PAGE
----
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For the first time since Japan's Fukushima nuclear disaster more than three years ago, residents of a small district 20 km from the wrecked plant are about to be allowed to return home.
The Miyakoji area of Tamura, a northeastern city inland from the Fukushima nuclear station, has been off-limits for most residents since March 2011, when the government ordered evacuations after a devastating earthquake and tsunami triggered a triple meltdown at the power plant.
Tuesday's reopening of Miyakoji will mark a tiny step for Japan as it seeks to recover from the Fukushima disaster and a major milestone for the 357 registered residents of the district - most of whom the city hopes will go back, Reuters reports.
The 2011 crisis forced more than 160,000 people from towns near the Fukushima plant to evacuate. Around a third of them are still living in temporary housing scattered over Fukushima prefecture, their lives on hold as they wait for Japan to complete decontamination work.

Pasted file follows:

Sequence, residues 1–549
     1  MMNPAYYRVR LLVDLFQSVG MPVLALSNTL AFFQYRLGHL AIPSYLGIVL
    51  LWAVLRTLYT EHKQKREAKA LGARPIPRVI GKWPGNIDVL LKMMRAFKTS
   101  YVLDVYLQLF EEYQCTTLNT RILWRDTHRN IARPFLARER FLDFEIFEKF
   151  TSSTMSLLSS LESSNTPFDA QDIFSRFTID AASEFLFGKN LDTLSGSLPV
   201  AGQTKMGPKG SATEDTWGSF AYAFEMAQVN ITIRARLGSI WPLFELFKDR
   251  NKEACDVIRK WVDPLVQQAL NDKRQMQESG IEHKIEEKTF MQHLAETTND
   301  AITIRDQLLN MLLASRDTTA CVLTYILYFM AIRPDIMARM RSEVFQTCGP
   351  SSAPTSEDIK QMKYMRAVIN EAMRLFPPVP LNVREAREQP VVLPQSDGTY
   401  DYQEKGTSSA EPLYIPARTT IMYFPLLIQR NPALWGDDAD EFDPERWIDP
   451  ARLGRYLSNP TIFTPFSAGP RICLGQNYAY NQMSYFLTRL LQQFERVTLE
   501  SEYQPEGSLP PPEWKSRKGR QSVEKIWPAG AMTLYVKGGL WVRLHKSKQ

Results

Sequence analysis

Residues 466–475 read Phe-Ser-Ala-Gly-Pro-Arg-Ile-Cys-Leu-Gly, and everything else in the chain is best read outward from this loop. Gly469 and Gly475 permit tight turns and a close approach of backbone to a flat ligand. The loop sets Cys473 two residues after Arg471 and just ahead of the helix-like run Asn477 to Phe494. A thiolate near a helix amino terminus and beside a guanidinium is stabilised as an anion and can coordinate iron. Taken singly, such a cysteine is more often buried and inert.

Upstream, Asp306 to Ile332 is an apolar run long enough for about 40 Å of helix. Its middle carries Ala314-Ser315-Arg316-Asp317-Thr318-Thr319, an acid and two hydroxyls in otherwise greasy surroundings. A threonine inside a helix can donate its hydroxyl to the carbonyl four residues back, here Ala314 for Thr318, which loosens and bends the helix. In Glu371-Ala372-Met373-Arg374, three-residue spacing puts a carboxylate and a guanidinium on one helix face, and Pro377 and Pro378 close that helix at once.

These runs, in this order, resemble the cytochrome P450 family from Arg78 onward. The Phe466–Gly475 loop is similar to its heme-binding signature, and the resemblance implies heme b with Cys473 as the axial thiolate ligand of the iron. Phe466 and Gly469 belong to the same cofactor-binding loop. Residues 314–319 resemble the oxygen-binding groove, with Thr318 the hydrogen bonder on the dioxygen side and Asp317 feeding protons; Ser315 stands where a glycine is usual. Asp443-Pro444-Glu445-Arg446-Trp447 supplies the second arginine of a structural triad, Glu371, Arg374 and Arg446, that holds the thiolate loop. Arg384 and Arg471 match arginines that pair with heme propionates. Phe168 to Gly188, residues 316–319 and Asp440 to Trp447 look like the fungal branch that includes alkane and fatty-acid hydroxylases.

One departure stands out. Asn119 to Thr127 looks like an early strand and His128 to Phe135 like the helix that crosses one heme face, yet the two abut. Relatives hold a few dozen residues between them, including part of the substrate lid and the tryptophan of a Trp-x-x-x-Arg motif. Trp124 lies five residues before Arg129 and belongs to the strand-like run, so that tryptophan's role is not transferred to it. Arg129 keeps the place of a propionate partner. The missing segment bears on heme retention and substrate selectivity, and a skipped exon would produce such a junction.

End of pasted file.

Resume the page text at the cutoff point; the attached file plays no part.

Japan's $30 billion cleanup of radioactive fallout around Fukushima is behind schedule and not expected to achieve the long-term radiation reduction goal - 1 millisievert per year - set by the previous administration.
Across Fukushima prefecture, hundreds of workers are still scraping the top soil off of the ground, cutting leaves and branches off trees and hosing down houses with water to lower radiation levels.
Radiation levels in selected monitoring spots in Miyakoji ranged from 0.11 microsieverts to 0.48 microsieverts per hour, according to Tamura city's February results.